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Gigaspaces: All content tagged as Gigaspaces in NoSQL databases and polyglot persistence

Main Features of In-Memory Data Grids

Good article about In-Memory Data Grids on Cubrid’s blog by Ki Sun Song.

The features of IMDG can be summarized as follows:

  • Data is distributed and stored in multiple servers.
  • Each server operates in the active mode.
  • A data model is usually object-oriented (serialized) and non-relational.
  • According to the necessity, you often need to add or reduce servers.

Even if you don’t read it all, but plan to use an IMDG solution, the first two questions you want to ask your vendor are: what the approach you are proposing to deal with the limited memory capacity and what’s the strategy for reliability. You’ll get good answers from well established products, but these answers are not necessarily the ones that provide the exact requirements your solution will need.

Original title and link: Main Features of In-Memory Data Grids (NoSQL database©myNoSQL)

via: http://www.cubrid.org/blog/dev-platform/introduction-to-in-memory-data-grid-main-features/


Spring Pet Clinic Goes Grails and Sharded on MongoDB With Cloudify

If you’re a Java programmer you must have heard of the Spring sample app Pet Clinic. To showcase Cloudify, Gigaspaces guys migrated the Pet Clinic to Grails and used MongoDB to shard it:

Grails and MongoDB Pet Clinic

Original title and link: Spring Pet Clinic Goes Grails and Sharded on MongoDB With Cloudify (NoSQL database©myNoSQL)

via: http://www.cloudifysource.org/2012/03/25/petclinic_deepdive.html


Dealing With JVM Limitations in Apache Cassandra

A couple of most notable NoSQL databases targeting large scalable systems are written in Java: Cassandra, HBase, BigCouch. Then there’s also Hadoop. Plus a series of caching and data grid solutions like Terracotta, Gigaspaces. They are all facing the same challenge: tuning the JVM garbage collector for predictable latency and throughput.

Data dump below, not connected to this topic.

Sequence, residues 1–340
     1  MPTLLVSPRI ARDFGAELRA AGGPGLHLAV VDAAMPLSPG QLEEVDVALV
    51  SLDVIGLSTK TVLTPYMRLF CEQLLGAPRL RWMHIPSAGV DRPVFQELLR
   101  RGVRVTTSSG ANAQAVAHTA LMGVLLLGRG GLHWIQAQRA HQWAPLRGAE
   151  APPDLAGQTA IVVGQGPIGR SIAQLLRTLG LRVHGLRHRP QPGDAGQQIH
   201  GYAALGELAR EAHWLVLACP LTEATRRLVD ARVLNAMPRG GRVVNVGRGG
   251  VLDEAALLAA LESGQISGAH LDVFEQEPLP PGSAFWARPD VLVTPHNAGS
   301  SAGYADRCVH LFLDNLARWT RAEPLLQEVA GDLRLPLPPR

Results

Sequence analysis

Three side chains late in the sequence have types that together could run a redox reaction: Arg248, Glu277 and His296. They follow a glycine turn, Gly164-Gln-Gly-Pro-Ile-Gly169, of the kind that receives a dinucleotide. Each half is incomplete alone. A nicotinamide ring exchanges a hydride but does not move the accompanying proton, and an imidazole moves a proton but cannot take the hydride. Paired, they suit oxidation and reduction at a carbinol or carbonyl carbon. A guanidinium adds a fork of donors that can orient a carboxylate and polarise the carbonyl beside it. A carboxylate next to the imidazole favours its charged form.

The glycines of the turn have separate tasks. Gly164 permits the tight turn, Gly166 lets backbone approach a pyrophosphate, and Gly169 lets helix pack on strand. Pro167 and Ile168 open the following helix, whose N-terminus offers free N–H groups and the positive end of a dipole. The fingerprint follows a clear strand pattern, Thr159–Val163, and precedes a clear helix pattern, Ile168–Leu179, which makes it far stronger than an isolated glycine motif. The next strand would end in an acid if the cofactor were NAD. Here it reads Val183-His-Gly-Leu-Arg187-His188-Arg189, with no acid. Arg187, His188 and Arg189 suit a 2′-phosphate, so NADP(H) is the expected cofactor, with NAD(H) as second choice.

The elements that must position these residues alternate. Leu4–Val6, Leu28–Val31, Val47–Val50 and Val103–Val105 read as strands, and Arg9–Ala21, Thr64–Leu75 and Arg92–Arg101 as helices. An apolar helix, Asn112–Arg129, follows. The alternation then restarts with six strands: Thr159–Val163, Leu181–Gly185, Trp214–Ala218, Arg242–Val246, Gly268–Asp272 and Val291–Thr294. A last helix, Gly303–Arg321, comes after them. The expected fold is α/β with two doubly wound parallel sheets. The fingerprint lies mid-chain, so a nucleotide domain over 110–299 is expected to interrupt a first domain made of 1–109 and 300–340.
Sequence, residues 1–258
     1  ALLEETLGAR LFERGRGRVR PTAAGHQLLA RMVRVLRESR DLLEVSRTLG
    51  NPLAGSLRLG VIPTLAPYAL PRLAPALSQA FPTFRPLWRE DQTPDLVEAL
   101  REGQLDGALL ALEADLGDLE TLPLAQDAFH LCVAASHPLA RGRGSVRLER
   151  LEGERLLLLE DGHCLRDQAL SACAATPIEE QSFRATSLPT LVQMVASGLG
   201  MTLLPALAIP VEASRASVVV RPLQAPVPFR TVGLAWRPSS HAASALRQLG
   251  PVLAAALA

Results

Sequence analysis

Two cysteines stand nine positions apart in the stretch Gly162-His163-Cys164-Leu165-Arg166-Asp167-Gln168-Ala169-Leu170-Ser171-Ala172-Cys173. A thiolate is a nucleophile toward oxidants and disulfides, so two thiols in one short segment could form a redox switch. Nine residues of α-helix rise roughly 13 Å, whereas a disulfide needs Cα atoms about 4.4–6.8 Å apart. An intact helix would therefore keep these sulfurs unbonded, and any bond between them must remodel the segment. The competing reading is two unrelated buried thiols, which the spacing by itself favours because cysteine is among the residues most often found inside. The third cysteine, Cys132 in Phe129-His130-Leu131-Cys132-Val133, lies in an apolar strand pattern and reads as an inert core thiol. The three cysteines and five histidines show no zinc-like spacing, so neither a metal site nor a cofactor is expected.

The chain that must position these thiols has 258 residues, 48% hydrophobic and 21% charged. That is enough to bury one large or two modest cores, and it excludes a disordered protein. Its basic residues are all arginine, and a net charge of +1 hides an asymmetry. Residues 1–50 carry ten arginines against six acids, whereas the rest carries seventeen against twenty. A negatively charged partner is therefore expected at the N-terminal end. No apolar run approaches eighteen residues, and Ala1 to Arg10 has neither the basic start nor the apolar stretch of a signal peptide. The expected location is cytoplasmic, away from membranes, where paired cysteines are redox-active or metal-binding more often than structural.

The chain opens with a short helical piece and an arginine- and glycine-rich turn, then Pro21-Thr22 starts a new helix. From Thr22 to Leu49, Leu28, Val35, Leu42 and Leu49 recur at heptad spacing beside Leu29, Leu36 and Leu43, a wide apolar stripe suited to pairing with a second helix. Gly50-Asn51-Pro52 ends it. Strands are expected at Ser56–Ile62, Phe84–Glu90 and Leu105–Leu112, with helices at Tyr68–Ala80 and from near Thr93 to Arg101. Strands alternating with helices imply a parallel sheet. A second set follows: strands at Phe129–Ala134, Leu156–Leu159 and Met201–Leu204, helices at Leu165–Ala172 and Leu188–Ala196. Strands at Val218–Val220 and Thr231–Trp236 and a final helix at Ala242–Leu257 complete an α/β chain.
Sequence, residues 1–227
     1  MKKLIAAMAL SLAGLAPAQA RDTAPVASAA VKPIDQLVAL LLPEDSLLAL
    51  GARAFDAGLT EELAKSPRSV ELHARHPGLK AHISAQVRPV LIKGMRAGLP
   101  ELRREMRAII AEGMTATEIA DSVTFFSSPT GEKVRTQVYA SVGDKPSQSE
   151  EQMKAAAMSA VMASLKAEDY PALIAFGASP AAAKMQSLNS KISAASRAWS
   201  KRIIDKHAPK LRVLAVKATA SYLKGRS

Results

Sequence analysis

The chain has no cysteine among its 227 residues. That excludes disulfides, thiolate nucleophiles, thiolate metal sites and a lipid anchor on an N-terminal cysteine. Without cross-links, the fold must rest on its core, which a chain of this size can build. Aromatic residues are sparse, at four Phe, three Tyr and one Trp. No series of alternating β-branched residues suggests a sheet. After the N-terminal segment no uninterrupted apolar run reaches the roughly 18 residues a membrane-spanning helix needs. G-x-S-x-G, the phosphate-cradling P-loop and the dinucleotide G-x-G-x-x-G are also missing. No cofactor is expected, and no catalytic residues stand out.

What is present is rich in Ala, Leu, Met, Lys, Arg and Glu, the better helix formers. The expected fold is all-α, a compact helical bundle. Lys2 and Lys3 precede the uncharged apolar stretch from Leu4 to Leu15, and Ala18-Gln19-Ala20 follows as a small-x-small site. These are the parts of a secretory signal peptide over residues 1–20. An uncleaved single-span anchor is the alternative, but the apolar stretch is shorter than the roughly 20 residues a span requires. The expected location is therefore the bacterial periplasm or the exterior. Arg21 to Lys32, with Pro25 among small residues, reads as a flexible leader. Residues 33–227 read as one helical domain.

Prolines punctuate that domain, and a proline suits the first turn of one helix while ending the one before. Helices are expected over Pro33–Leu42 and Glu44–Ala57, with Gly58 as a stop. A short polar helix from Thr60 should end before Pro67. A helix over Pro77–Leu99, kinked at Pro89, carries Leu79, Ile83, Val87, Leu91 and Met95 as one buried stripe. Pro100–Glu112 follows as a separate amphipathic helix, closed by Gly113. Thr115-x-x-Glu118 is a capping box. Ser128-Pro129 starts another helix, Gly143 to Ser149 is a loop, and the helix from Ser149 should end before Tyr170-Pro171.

Jonathan Ellis’s slides presented at Fosdem 2012 are covering some of the problems with GC and the way Cassandra tackles them. While this is one of those presentations where the slides are not enough to understand the full picture, going through them will still give you a couple of good hints.

For those saying that Java and the JVM are not the platform for writing large concurrent systems, here’s the quote Ellis is finishing his slides with:

Cliff Click: Many concurrent algorithms are very easy to write with a GC and totally hard (to down right impossible) using explicit free.

Enjoy the slides after the break.


Cassandra and MongoDB with Gigaspaces Cloudify

There are two reasons I’m writing about Gigaspaces’s Cloudify (PR announcement):

  1. Besides MySQL, Cloudify recipes include Cassandra and MongoDB.

    Also a bit of vintage claim chowder: if you remember Mike Gaultieri’s (Forrester) NoSQL wants to be elastic caching when it grows up, this should be a clear proof he was wrong.

  2. Gigaspaces is starting to realize that it’s not really necessary to claim a NoSQL affiliation for benefitting of the NoSQL buzz. Clear market positioning and smartly showcasing it is much more useful for the potential customers. The other company showing it learned this lesson is Terracotta1.


  1. I’m probably biased on this as I was responsible for talking to Terracotta folks about this better route. 

Original title and link: Cassandra and MongoDB with Gigaspaces Cloudify (NoSQL database©myNoSQL)